Glacier County Criminal Court handles all criminal cases that are filed in Glacier County. See below for more information about criminal cases in Glacier County.
What is the Burden of Proof?
The term “Burden of Proof” means that the prosecutor is required to prove the guilt of the defendant beyond a reasonable doubt. If the prosecutor cannot provide proof of the defendants guilt, then the judge or jury in a trial must find the defendant not guilty. In the United States the principle innocent until proven guilty derives from this that the defendant is assumed innocent and the prosecution has the burden of proving beyond a reasonable doubt that the defendant is guilty.
What is a Plea Agreement?
A plea agreement is a deal made between the prosecution and the defendant in a case, where the defendant agrees to plea guilty to a particular charge in exchange for some concession from the prosecutor. In practice, more than 90% of criminal cases end with a plea agreement.
If guilty, who sentences the defendant?
If the defendant is found guilty after the trial, the defendent will be sentenced. In some cases, this can occur at the same hearing the defendant is found guilty in court, in other cases a separate hearing will be required. Often the prosecution will request a particular sentence for the defendant and the judge will determine whether to enforce this sentence or impose a different sentence for the defendant.
Glacier County Criminal Court locations
Criminal proceedings take place in the Glacier County Criminal Courts. A list of the criminal courts are located here.
Required Court Appearances in Glacier County
Any required court appearances in Glacier County Criminal Court must be attended by the defendant. Failure to appear in court at your required date and time may result in the judge issuing an arrest warrant.
Jury by Trial Right
The US Constitution (Article 3 along with the 6th Amendment) ensures an accused defendant the right to a jury trial. This applies to crimes that have a $500 fine or a potential sentence of six months in jail (aka Serious Crimes). This right to trial by jury can also be waived by a defendant.
Can I appeal a guilty verdict?
If found guilty, a defendant may decide to appeal his case to an appelate court. The appellate court will not retry the case, they will examine the proceedings in the lower court to make sure they were done in a legal manner. The appellate court can either uphold the original conviction, or determine that due to errors made in the original trial, that there must be a retrial, resentencing or a complete dismissal of the charges.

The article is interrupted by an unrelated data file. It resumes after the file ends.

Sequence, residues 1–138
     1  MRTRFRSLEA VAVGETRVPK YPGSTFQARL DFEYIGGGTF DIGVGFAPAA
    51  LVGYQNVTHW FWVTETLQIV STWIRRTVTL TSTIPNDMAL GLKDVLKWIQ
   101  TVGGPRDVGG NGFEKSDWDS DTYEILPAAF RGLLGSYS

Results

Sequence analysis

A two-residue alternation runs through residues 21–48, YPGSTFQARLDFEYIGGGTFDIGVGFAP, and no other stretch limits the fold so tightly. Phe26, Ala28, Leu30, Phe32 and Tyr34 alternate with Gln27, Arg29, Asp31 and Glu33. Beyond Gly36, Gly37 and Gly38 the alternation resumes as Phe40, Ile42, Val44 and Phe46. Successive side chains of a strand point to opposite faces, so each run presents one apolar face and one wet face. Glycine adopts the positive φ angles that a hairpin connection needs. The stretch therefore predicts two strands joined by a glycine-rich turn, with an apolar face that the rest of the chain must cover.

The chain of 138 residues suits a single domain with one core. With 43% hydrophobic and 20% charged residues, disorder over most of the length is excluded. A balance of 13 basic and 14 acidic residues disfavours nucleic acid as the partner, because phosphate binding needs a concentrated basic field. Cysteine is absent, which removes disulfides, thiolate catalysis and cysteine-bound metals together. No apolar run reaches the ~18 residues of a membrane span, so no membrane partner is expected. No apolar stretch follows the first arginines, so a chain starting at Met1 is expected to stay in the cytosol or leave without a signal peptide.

Jury Deliberations in Glacier County
In Glacier County, jury deliberations will take place in a jury trial after the prosecution and defense have presented their cases and rested. At this point, the judge will provide a list of instructions to the jury about what they are allowed and not allowed to do and what verdict options are available for them to decide. The jury will be sent to a private room to discuss the evidence presented in the case and attempt to reach a unaminous decision. When a unaminous decision is reached, the jury will inform the judge that they have reached a verdict and will return to the courtroom for the verdict to be read allowed. In the event that the jury cannot reach a unanimous verdict, the jury results in a deadlock and a mistrial is declared.
Right to an attorney
The US Constitution’s Sixth Amendment ensures the right to an attorney regardless of whether or not you can afford one. In Glacier County a public defender will be appointed by the judge if you cannot afford private representation.
Glacier County Prosecutor
For criminal cases in Glacier County, the prosecutor will be a representative of Glacier County. The Glacier County prosecutor reviews all evidence and ultimately decides whether to file or dismiss charges in the case. Most of the time, the prosecutor has leeway in plea negotiations and determines how the case will be prosecuted.
Glacier County Arraignments
An arraignment is a court hearing. In Glacier County this is the first thing that will happen in a criminal case. The defendant will be brought before a judge in Glacier County Criminal Court and the judge will read the charges that were filed against the defendant. The judge will also read the rights the defendant has and ask the defendant if they understand both the charges filed against them and their rights as a defendant in the case. In Glacier County a plea of Guilty, Not Guilty or No Contest may be entered. In a guilty or no contest plea the sentencing of the defendant may take place at the same arraignment hearing or a later date may be scheduled for sentencing. For a not guilty plea, a date will be set for a trial.
Who can help me in Glacier County?
For general information about your case the Glacier County court clerk will be able to provide legal information about your specific criminal case. Legal information is not legal advice though, the court clerk will only be able to provide information about your case, like date/time of hearings what will occur at the hearing and what you may be required to do in the hearing. They cannot provide advice about what you should do or what the best legal options may be for your particular case. Only an attorney can provide legal advice and this is your best place for information about your specific criminal proceeding. If you cannot afford to hire a private attorney to represent you, a judge will appoint an attorney to represent you, this is most often a public defender.
Glacier County Criminal Court Locations
Glacier County District Court – 9th Judicial District
Address: 512 East Main Street, Cut Bank, MT 59427
Phone: 406-873-5063 Fax: 406-873-5627
Glacier County Justice Court
Address: 512 East Main Street, Cut Bank, MT 59427
Phone: 406-873-3631 Fax: 406-873-3659
Cut Bank City Court
Address: 113 East Main Street, Cut Bank, MT 59427
Phone: 406-873-2289 Fax: 406-873-2096